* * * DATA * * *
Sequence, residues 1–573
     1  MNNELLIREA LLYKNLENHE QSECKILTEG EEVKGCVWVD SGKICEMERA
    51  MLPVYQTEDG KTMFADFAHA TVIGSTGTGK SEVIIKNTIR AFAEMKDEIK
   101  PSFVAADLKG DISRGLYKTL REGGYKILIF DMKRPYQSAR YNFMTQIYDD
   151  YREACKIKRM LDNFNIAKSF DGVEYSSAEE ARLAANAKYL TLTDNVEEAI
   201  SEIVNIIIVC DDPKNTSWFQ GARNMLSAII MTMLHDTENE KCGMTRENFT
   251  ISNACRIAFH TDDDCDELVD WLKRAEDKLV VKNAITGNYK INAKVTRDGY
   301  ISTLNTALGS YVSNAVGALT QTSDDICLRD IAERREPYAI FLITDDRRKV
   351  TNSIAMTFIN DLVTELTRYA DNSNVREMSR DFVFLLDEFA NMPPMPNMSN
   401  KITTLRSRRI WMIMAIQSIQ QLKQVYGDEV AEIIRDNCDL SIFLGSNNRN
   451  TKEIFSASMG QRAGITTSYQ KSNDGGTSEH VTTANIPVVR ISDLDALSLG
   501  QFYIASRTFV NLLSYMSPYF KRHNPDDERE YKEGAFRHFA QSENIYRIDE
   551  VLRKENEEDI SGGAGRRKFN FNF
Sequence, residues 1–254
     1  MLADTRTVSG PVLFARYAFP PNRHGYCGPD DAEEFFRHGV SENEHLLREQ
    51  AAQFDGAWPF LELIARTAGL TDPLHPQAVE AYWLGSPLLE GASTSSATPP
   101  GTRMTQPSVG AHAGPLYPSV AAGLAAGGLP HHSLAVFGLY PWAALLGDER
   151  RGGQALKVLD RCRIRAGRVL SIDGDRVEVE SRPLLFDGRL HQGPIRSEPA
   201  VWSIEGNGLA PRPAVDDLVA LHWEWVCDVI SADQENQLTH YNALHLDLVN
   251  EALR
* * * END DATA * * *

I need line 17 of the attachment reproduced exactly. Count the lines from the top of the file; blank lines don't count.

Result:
   101  GTRMTQPSVG AHAGPLYPSV AAGLAAGGLP HHSLAVFGLY PWAALLGDER